Friday, October 27, 2017

Flying High With Mixed Emotions

     It was such glorious weather again today! After I got home from work, I ate a quick lunch, changed into work clothes and went outside to clean up the garden. I collected the last bowlful of cherry tomatoes, then began pulling up the dead vines and doing a general cleaning up. I towed the lawn cart behind the mower up the hill to the gully behind the tree with the fort and swing. This is where we dump our yard waste and it composts down nicely. The big tree's leaves had fallen, but the branches provided a little shade so I sat there for a while, taking a break and enjoying the view. None of the neighbors were around this afternoon and the whole area was very quiet. It was just me and the breeze and a couple of crows off in the distance.
     Before long, I heard the sound of a small engine plane approaching from the northeast. I spotted it in the sky and noticed it was a biplane. It's not often we see these and I eagerly watched it approach. For some reason I expected to see an old looking plane. It was actually painted a bright shiny blue and yellow and it looked right smart in its shininess. On the underside it was marked, "Army" with a star on the under wing. It was very pretty and it was flying fairly low. As it passed overhead and went behind the tree line, it made a gentle turn to head back the way from which it came, over the vineyard. I stood up and walked out into the open to watch it depart. maybe the pilot saw me because he turned and came back around. What a treat! I was happy to watch this pretty plane circle around again. When he left for the second time, I gave him a big wave. Surprisingly, he turned and came around a third time and tipped his wings at me. Then climbed vertically for a few seconds before dipping back down right over our house. I was thrilled at this little show, yet perplexed at this exchange between total strangers. I felt solitary, standing in the open on the hill with no one to share this experience with, not even a phone with which to capture an image. It was a completely random occurrence but my mind was filled with its own interpretations of the exchange.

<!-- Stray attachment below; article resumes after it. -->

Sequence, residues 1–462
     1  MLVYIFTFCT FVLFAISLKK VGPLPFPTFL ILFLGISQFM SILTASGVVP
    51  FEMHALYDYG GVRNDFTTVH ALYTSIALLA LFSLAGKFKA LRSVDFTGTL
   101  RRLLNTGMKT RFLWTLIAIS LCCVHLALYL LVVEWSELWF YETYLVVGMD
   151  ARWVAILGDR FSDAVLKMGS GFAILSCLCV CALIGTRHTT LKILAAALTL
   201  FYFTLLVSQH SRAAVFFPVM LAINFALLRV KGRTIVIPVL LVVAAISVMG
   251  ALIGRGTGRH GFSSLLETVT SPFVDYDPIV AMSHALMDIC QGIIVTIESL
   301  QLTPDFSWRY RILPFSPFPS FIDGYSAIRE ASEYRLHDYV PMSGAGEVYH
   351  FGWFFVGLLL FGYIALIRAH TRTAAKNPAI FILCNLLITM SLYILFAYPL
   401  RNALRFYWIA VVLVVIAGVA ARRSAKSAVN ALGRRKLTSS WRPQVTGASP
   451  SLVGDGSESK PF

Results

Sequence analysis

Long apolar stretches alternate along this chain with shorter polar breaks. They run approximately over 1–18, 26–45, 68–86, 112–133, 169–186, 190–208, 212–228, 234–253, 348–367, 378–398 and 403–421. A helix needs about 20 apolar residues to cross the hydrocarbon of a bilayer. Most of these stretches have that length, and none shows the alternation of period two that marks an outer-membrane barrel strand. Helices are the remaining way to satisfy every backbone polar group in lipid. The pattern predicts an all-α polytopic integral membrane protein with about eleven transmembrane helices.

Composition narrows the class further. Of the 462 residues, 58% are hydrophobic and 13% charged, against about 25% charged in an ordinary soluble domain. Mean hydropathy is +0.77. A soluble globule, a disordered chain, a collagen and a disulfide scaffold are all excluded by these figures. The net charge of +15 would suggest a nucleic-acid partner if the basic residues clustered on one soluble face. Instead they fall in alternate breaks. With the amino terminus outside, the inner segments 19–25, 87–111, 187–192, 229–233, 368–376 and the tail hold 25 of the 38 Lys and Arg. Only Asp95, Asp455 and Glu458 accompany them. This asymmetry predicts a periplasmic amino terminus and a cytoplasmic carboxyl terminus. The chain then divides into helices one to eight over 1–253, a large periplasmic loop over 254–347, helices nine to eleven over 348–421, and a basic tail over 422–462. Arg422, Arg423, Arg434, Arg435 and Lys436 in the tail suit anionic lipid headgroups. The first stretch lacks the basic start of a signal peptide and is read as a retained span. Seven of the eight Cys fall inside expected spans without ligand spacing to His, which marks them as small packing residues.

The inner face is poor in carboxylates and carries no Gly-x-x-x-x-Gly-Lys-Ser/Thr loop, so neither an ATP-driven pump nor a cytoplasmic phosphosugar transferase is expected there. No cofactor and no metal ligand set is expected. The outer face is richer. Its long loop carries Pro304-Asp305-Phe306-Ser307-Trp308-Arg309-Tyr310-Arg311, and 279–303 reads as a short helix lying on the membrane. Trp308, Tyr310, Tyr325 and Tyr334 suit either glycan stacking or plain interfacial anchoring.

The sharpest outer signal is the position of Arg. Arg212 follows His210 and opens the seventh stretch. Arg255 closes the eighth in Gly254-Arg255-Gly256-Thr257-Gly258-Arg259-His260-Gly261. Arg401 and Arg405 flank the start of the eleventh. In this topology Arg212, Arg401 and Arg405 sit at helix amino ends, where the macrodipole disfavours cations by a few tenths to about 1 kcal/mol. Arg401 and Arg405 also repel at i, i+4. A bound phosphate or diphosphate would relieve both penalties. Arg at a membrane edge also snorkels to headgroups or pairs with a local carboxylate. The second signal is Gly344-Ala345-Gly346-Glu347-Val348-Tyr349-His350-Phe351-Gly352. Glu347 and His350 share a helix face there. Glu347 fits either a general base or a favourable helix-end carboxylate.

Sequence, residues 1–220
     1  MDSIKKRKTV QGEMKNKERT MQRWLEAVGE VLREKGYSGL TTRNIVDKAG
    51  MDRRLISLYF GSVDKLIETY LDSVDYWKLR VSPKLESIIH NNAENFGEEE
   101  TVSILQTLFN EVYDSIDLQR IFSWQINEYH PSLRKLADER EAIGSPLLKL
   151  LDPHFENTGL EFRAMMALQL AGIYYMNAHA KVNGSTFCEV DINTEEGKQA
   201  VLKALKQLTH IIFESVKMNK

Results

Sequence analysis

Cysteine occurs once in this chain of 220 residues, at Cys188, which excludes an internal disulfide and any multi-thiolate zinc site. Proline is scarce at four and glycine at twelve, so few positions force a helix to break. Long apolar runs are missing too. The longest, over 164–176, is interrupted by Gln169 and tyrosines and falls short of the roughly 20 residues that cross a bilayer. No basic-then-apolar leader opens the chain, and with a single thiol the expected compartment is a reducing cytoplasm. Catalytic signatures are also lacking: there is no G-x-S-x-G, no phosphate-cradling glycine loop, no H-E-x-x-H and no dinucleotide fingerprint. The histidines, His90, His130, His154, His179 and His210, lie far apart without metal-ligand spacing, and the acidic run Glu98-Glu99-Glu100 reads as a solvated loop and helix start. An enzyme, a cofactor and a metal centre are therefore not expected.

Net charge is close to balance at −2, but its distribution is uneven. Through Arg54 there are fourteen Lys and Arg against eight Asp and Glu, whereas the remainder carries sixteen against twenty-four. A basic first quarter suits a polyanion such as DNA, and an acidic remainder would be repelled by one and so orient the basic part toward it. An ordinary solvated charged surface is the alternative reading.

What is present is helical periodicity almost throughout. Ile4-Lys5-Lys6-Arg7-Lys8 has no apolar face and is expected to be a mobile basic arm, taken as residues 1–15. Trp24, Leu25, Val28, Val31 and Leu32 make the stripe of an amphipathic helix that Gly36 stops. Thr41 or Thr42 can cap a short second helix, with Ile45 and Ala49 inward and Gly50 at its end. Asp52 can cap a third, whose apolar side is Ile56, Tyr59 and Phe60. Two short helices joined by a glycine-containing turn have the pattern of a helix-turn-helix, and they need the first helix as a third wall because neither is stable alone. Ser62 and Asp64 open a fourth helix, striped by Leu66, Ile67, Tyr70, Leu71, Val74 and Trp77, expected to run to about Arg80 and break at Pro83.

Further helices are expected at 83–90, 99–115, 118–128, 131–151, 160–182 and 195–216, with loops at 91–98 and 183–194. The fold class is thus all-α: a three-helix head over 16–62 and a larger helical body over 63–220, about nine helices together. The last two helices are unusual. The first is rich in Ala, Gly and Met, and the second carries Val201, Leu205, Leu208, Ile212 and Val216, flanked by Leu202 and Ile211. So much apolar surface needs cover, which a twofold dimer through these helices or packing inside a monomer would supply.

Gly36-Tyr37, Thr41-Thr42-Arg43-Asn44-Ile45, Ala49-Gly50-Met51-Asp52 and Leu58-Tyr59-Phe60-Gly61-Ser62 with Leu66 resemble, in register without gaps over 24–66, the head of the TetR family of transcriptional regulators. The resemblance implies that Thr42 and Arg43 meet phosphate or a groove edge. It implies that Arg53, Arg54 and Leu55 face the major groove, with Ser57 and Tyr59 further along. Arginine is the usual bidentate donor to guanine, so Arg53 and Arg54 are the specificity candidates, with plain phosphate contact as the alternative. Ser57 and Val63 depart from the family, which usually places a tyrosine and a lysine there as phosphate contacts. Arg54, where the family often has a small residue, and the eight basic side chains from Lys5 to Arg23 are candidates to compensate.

My father came immediately to mind when I saw the Army insignia on the plane. I have been debating with myself between keeping my father's army memories alive with requests for information and forms to complete on his behalf vs. letting it all be buried and put to final rest and closing that chapter of our lives. Just this morning, I was filling out another form and struggling with myself on this topic. Emotions of grief are still fresh even after all these years and each time I revisit my parents' past, it's like reopening a wound. I want to honor my father but it comes at an emotional expense. It's difficult to keep the past alive and still live in the present and future. So, when this plane came from the northeast, the direction of my parents' home, and performed for me with "Army" written on the underside, I took it as a sign for something. Who knows what. I'm sure I'm being overly emotional about it, so I'll let the topic rest and it will sort itself out. I'll never forget that pretty plane, though. Whoever the pilot was, "Thank you!"